• Do you want to donate your body to science? Donating your body to science creates an opportunity for others to learn about your cause of death and other bodily processes. Though this is ultimately your decision, consider your loved ones’ feelings about this as well. 
  • Do you want to be put in hospice or remain at home? If your health declines, do you want to continue receiving palliative care in a facility or in your own home? Do you need to invest any funds to do so? When the time comes, you may also consider whether you’d like to pass away in your own home or if you’re okay with dying in a hospital or similar facility.  

Legacy wishes

A legacy refers to what you leave behind. It may not be tangible at all, but rather, what people remember about you. From your digital legacy to other wishes, what do you want your loved ones to be aware of or do in your honor? Here are a few things to consider.

  • Do you have a digital legacy plan? A digital legacy plan can cover things like your online presence, digital assets, online finances, and your digital devices. You’ll have to consider whether your passwords are accessible and if they’re available to someone you trust.  
  • How would you like to be remembered? For the intangible areas of your legacy, you may consider what sort of mantras or quotes you’d like people to associate with you — you may not be able to control all of it but it’s worth a shot!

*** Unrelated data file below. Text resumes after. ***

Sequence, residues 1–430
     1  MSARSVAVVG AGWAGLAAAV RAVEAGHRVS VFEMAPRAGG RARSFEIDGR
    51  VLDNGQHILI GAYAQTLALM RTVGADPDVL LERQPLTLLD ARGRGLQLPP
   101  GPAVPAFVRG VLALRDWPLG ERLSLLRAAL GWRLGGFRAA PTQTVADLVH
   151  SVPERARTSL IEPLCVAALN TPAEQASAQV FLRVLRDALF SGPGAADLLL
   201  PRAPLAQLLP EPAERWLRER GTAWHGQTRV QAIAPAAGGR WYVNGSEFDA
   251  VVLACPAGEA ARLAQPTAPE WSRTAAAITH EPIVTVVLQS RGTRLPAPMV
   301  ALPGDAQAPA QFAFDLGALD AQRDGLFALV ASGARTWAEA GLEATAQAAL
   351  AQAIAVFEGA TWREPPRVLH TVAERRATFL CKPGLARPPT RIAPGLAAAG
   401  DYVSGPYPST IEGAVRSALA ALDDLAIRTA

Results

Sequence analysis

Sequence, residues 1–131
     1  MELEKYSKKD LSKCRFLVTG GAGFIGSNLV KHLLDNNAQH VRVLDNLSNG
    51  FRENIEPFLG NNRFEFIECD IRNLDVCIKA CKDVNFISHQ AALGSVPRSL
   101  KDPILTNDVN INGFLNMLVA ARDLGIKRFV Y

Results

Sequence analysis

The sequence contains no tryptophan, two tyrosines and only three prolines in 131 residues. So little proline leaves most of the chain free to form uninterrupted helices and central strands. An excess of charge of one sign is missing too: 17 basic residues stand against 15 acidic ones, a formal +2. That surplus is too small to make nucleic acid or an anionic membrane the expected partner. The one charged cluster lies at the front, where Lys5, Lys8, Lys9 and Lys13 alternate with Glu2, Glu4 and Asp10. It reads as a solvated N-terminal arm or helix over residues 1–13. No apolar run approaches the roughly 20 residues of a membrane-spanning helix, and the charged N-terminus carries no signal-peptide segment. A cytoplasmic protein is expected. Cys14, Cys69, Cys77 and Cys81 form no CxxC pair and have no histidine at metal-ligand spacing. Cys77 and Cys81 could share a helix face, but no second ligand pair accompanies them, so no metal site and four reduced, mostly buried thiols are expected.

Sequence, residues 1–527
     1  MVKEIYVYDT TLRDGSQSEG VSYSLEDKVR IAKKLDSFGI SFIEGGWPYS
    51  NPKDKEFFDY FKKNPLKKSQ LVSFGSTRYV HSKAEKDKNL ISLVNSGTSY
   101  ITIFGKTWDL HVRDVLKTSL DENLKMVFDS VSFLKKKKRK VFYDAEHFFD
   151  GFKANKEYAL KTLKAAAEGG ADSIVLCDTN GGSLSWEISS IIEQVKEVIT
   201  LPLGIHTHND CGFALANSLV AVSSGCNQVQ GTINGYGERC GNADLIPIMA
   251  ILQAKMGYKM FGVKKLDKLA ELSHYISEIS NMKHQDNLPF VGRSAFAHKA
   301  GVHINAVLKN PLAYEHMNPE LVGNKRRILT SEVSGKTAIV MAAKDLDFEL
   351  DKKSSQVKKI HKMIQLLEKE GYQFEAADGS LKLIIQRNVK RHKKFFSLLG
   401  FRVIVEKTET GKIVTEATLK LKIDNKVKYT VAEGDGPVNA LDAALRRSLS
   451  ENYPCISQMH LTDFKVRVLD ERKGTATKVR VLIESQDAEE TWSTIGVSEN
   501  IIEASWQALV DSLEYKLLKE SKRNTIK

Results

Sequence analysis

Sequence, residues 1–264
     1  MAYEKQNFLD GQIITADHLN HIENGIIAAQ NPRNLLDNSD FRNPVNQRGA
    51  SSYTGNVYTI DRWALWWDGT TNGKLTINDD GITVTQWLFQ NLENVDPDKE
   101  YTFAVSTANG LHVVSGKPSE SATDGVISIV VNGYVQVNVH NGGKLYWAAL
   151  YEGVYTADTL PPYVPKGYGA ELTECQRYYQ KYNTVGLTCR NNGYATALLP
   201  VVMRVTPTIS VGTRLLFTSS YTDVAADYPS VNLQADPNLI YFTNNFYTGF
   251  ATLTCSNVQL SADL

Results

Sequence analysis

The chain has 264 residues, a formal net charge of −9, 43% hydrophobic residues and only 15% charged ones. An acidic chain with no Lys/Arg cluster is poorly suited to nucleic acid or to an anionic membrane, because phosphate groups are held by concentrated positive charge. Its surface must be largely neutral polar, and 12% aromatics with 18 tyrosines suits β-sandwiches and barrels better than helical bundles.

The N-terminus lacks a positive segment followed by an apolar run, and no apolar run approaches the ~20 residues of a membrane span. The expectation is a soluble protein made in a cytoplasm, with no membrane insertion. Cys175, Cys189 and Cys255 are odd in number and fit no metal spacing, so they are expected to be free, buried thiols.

• Is there anything you want your loved ones to do in your honor? Are there any daily practices you want your family to start doing, like living more freely or spending more time together? Think of them as an avenue to continue a bucket list you may have started.  
  • Are there any traditions you’d like your family to uphold? Want your loved ones to take a ski trip every year in your honor? Have something else in mind for them to celebrate your death anniversary? Let them know.
  • Is there any other information you want your loved ones to know? Are there any other notes, wishes, or requests you have of your loved ones either before or after your death? Don’t miss an opportunity to share this information now or record it for them to review when the time comes. 

Store and Share Your Wishes for Free

Wondering if there’s a way to organize and share all of these wishes in a convenient, secure way? 

As you develop your final wishes, you can easily update them as you see fit. You can also share them with as many or as few people as you’d like—and they get instant access to your wishes.

Get Your Final Wishes Organized 

Organizing and sharing your final wishes now allows you to be freer to enjoy your life till they’re needed. You and your family will rest easy knowing that the future is accounted for and can have honest, open conversations about your final wishes.

One of the best parts about storing your wishes on a free digital platform like Cake is that you can continue to update your profile as you see fit. 

Looking for more ways to get organized? Read our guide on how to organize thousand of computer files for more.